• Is All Fair in Love and War – and Politics?

    Many people will agree with the old saying that “all’s fair in love and war”. Others, however, would be inclined to add “and politics” – a view that certainly seems to be taken by some politicians.

    I have never accepted the notion that the ordinary principles of decent behaviour should for some reason be suspended when it comes to politics. Someone who lies and cheats in politics is no less a liar and a cheat. Indeed, such behaviour in politics is arguably an even greater offence than it would be elsewhere, since it is brazenly committed by those who owe a duty of trustworthiness to the public, and its significance is likely to have much wider connotations.

    There is, nevertheless, no shortage of politicians ready to defy the normal conventions and to behave irresponsibly and dishonestly for the sake of personal or political advantage. The latest recruit – and on a massive scale – to these disreputable ranks is the US Republican presidential hopeful, Donald Trump.

    Mr Trump is a colourful character, and nothing wrong with that – though one might have thought that his deliberate cultivation of an image more appropriate to a fairground might have been a disadvantage.

    But where he has distinguished himself – if that is the right phrase – is in his readiness to make snap judgments in the most extreme terms on issues that surely require more careful consideration.

    Donald Trump seems to have calculated that the only thing that matters is that he should stay in the headlines. He may insult women and virtually every kind of foreigner; he may propose outlandish “solutions” to complex problems, such as building a wall across the whole US-Mexico border to keep out Mexican “rapist and murderers” or banning entry to the US of anyone who could be described as or claiming to be “Muslim”; but his concern is not to make sense but to make news.

    This leaves us with a dilemma. Is he to be taken seriously, or is he just a buffoon? The opinion polls suggest, for the time being at least, that he needs to be taken seriously. But that raises a different question. Does he do and say outrageous things in order to capture the headlines – is he, in other words, just a demagogue prepared to say anything – or, even more worryingly, does he really believe what he says?

    It is a measure of how self-absorbed a large chunk of the American public is, and of how little they are aware of the world beyond their borders, that they seem completely unaware of the dire picture painted of their public life by the possibility that a Donald Trump could be elected to the Presidency. The rest of the world can only look on in disbelief at the prospect of the free world being led by such an apparently irresponsible loose cannon.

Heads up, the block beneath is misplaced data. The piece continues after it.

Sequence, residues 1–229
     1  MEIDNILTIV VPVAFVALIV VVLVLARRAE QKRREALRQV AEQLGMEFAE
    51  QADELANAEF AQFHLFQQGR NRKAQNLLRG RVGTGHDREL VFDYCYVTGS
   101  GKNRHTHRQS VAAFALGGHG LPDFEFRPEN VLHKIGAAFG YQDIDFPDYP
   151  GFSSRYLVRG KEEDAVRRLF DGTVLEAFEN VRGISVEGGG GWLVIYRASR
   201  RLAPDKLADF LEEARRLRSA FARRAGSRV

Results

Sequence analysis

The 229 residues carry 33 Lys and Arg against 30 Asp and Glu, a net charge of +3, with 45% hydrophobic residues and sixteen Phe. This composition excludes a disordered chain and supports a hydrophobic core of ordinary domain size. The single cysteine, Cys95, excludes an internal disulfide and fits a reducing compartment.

Before we become too self-righteous, however, we should acknowledge that our own public life is not immune from political leaders prepared to act – even if on a substantially smaller stage than Donald Trump’s – in a way that falls short of the standards we might reasonably expect. We might, sadly, not be overly surprised that this is the case – but what is perhaps surprising, and certainly disappointing, is that when such a lapse is brought to the attention of the public, and even more so of the media, the consequences for the wrongdoer are minimal.

    This certainly seems to have been the case with the return to Cabinet of Judith Collins. The response has been, in general, a tolerably warm welcome for the return of someone seen as a repentant sinner. The “political comeback of the year” has been portrayed as a matter for congratulation. Her supposedly admirable qualities as a politician – exemplified by her cultivation of the sobriquet “Crusher” – have been celebrated. There is even renewed talk of the possibilities of her ascending to even higher office.

    This is surprising, not just because of Judith Collins’ manifest errors of judgment and policy as a Minister (just think of Serco’s contract to run Mt Eden prison), but also because we know quite a lot about her approach to politics. Most people will not have read Dirty Politics but the journalists certainly will have done. We don’t need to rely on hearsay or reportage to judge Judith Collins, because we can turn (for good or ill) to the words she herself actually used in e-mail correspondence with Cameron Slater and others.

    No one reading that correspondence can be in any doubt about the distorted view of politics, and political life, held by the returning Cabinet Minister. A political career is, according to this view, not a matter of principle and service, but of bitter and vindictive in-fighting, requiring dirty tricks, ambushes and plotting, all expressed in the language of the gutter.

    Before we cast stones at other people’s glasshouses, should we not expect those who report on our own public life to provide us with the whole picture?

    Bryan Gould

    11 December 2015

1 Comment

  1. Brian says: December 12, 2015 at 3:57 amReply

    Through Trump’s unintentional self parody, he exposes America’s criminally insane political class. The Americans seem hell bent on bringing biblical end times to the world at the behest of the of the Zionist who happen to be the first fascist movement.
    As for Judith Crusher Collin’s,failure and corruption, are the now the hallmarks for political advancement.